There needs to be a thorough Â investigation into reports of sudden unintended acceleration (SUA) incidents involving Mitsubishi Montero sports utility vehicles (SUVs) to the prejudice of public safety.
With thousands of passenger cars travelling the commuter roads daily, there is an urgent need to protect and safeguard consumer rights and the welfare of motorists from this series of SUAs that have already claimed lives, injured people and damaged properties.
Senator Koko Pimentel has filed a resolution directing the Senate Committee on Trade, Commerce and Entrepreneurship to conduct an inquiry, in pursuit of the State policy to protect the interests of consumers from trade malpractices and from substandard or hazardous.
Since 2011 numerous reports have circulated concerning complaints of motorists that their Mitsubishi Montero SUVs had abruptly and uncontrollably sped up upon shifting from park to drive, even as the drivers firmly had their foot on the brake pedal.
This defect is known as Sudden Unintended Acceleration (SUA).
In 2010 of lawyer Rebecca Arambulo-Barbo, wife of former Eastern Samar governor and Senate secretary Lutgardo Barbo, was then backing up at their driveway when her Montero SUV suddenly accelerated forward while on reverse gear, bumping their familyâ€™s other car.
Another lawyer, Casiano Flores Jr., was hospitalized for 12 days after sustaining serious head injuries and fractures on his right leg when on October 24 this year, while backing up from a food establishment, his Montero SUV quickly accelerated and crashed into a wall despite his stepping on the brakes.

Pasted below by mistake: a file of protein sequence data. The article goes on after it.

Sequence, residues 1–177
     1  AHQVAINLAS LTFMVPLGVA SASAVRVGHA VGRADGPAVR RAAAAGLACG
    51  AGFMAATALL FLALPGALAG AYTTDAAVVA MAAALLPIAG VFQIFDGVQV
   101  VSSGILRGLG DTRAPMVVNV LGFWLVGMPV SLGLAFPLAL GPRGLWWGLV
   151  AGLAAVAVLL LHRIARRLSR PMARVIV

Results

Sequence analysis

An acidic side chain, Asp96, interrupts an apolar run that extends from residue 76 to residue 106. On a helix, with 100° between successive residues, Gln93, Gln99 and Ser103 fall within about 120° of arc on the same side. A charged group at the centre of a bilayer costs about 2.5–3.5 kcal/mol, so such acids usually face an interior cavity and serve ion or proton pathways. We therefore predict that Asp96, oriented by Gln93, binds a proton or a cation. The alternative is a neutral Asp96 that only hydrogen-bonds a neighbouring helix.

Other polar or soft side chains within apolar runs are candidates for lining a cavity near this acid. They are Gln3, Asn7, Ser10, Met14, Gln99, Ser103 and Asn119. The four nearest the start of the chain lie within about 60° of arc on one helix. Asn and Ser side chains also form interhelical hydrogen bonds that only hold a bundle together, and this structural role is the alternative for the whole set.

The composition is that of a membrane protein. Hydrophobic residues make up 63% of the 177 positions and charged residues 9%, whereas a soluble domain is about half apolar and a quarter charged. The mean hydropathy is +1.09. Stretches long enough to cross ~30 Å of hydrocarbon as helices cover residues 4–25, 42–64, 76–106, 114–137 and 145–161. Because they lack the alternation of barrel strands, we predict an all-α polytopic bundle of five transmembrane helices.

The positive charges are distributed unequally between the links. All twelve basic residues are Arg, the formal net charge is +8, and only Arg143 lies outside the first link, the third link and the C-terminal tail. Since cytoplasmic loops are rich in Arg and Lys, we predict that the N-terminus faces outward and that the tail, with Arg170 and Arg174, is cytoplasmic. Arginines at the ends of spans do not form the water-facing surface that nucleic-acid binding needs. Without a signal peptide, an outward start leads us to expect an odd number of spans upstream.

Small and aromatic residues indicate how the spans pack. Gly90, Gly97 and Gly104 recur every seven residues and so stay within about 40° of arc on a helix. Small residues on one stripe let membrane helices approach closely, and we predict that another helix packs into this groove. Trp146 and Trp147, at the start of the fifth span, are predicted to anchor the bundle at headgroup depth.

Only last Nov. 10, retired Department of Public Works and Highways (DPWH) Engr. Bernardino Bernardo sustained burns while his wife Avelina had a fractured right arm when their Montero SUV abruptly sped up even before the victim had his foot on the accelerator.
The Montero Sports mowed down two motorcycles and tricycles which were parked in front of the SUV, including an empty car after Bernardo had swerved his car towards a vacant lot to avoid injuring more people.
Complaints were aired in media, including that of lawyer Charlie Tomaru, whose Montero suddenly accelerated while driving in Quezon City with his seven children and from Jenny Pantoja whose SUV flipped over three times across a steep roadside in Subic before it was prevented from falling off a ledge by an electric post.
Since 2011, the Philippine National Police Highway Patrol Group (PNP-HPG) has recorded at least 23 SUA incidents involving Montero SUVs from motorists in Metro Manila, Cavite, Antipolo City, Batangas, Tacloban City and Iloilo City.
A latest official statement from Mitsubishi Motors Philippines claimed, however, that the Montero SUV is neither defective nor unsafe to use, and that a series of tests conducted from 2011 on units allegedly experiencing the said problem yielded not a single manifestation of SUA.
Mitsubishi has to do more as the situation is fast becoming a public relations disaster that is poised to hit the bottomline.
But several complaints still continue to surface social media and Internet blog sites.
A report by the House of Representatives last March disclosed 97 reported cases of SUAs involving Mitsubishi Montero SUVs were recorded.
Congress has the responsibility to determine if there is a need to enhance, modify, or amend existing legislation to guarantee that automotive units assembled and manufactured here, as well as the quality of spare parts imported, are at par with regional and global safety and performance standards.
Congress should also assess and evaluate existing legislation on consumer protection to ensure that consumers will have avenues to seek efficient redress from government agencies mandated to protect their rights, as well as put in place mechanisms for the efficient identification of issues concerning motor vehicle. (By Atty. Jay I. Dejaresco)